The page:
Mark Mark may refer to: Currency * Bosnia and Herzegovina convertible mark The Bosnia and Herzegovina convertible mark (Bosnian Bosnian may refer to: *Anything related to the state of Bosnia and Herzegovina or its inhabitants *Anything related to Bo ...
, although this remains uncertain. Also accepted by the author are the " Acts of all Apostles" and 13 of the
Pauline Epistles The Pauline epistles, also known as Epistles of Paul or Letters of Paul, are the thirteen books of the New Testament attributed to Paul the Apostle, although the authorship of some is in dispute. Among these epistles are some of the earliest extant ...
(the
Epistle to the Hebrews The Epistle to the Hebrews, or Letter to the Hebrews, or in the Greek manuscripts, simply To the Hebrews (Πρὸς Ἑβραίους, ''Pros Hebraious'') is one of the books of the New Testament. The text does not mention the name of its author ...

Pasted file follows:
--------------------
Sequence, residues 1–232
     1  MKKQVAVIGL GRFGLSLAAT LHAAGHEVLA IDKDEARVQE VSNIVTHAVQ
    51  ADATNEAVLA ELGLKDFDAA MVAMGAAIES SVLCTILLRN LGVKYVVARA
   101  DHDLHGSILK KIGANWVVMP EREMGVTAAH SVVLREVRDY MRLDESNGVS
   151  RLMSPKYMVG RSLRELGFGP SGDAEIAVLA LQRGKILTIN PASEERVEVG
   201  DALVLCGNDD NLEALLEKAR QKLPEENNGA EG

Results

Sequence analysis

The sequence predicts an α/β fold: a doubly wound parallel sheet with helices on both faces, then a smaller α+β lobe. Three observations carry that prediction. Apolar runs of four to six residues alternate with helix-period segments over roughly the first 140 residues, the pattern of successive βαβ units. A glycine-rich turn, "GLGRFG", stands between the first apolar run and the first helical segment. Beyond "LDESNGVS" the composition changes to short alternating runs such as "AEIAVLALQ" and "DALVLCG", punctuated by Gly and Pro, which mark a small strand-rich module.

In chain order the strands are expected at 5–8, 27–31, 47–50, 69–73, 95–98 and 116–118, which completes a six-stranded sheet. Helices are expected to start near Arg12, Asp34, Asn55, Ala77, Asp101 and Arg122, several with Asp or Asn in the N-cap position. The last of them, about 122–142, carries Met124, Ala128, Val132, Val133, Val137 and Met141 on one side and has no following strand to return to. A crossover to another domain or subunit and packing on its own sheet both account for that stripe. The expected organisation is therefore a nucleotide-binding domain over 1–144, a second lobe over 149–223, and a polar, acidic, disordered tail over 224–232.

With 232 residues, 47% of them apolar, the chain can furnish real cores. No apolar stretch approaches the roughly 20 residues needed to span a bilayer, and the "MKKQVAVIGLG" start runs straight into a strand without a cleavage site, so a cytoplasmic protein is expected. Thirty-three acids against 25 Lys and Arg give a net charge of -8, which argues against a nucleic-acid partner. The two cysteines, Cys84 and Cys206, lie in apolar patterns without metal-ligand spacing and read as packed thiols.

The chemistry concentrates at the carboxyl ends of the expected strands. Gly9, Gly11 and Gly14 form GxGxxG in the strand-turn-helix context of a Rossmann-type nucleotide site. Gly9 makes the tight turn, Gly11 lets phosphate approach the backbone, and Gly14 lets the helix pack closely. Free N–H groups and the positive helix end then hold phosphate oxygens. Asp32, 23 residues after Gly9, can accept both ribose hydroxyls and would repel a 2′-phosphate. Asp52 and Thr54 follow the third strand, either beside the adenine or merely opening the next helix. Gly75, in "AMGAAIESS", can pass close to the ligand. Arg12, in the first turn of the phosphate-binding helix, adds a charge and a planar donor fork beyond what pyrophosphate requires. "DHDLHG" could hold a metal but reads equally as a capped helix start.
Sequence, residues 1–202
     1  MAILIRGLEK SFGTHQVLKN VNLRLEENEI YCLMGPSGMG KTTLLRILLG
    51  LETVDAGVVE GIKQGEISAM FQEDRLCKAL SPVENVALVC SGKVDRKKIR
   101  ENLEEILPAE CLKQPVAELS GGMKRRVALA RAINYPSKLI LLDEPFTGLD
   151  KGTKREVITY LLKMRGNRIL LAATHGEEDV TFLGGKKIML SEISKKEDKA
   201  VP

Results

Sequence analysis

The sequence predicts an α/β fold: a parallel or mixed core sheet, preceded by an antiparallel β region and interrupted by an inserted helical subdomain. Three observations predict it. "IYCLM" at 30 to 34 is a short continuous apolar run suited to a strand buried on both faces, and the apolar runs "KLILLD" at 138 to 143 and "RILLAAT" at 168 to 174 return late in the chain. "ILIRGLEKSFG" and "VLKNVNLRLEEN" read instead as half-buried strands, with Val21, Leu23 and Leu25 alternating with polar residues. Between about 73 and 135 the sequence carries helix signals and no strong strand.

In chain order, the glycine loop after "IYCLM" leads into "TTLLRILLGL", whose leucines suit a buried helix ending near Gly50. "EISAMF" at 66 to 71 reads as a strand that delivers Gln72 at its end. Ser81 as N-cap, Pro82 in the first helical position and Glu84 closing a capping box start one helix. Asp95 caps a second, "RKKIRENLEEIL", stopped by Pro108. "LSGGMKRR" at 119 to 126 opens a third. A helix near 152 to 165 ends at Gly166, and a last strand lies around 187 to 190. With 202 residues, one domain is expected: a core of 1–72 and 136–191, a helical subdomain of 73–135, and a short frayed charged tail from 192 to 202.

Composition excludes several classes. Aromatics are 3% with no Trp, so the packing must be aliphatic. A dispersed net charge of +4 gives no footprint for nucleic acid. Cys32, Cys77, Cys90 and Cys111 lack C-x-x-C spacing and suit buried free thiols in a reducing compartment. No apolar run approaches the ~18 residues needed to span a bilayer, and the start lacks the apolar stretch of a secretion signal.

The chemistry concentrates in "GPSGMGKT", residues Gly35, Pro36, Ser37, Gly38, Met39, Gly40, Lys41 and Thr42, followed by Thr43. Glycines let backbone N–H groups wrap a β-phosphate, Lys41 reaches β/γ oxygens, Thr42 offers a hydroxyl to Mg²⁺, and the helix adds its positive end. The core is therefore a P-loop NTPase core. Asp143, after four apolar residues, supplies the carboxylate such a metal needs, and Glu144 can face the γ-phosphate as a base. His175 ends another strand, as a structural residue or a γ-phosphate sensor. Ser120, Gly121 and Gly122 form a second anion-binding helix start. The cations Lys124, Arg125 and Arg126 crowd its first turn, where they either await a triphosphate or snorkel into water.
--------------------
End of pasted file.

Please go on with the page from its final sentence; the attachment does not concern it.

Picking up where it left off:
Epistle to the Hebrews
is not mentioned in the fragment). The author considers spurious the letters claiming to have
Paul Paul may refer to: *Paul (name), a given name (includes a list of people with that name) *Paul (surname), a list of people People Christianity *Paul the Apostle (AD 5–67), also known as Saul of Tarsus or Saint Paul, early Christian missionar ...
as author that are ostensibly addressed to the Laodiceans and to the Alexandrians. Of these he says they are "forged in Paul's name to urtherthe heresy of
Marcion Marcion of Sinope (; Ancient Greek, Greek: ; 85 – c. 160) was an Diversity in early Christian theology, early Christian theologian, an Evangelism, evangelist, and an important figure in early Christianity. Marcion preached that the benevo ...

Marcion
." Of the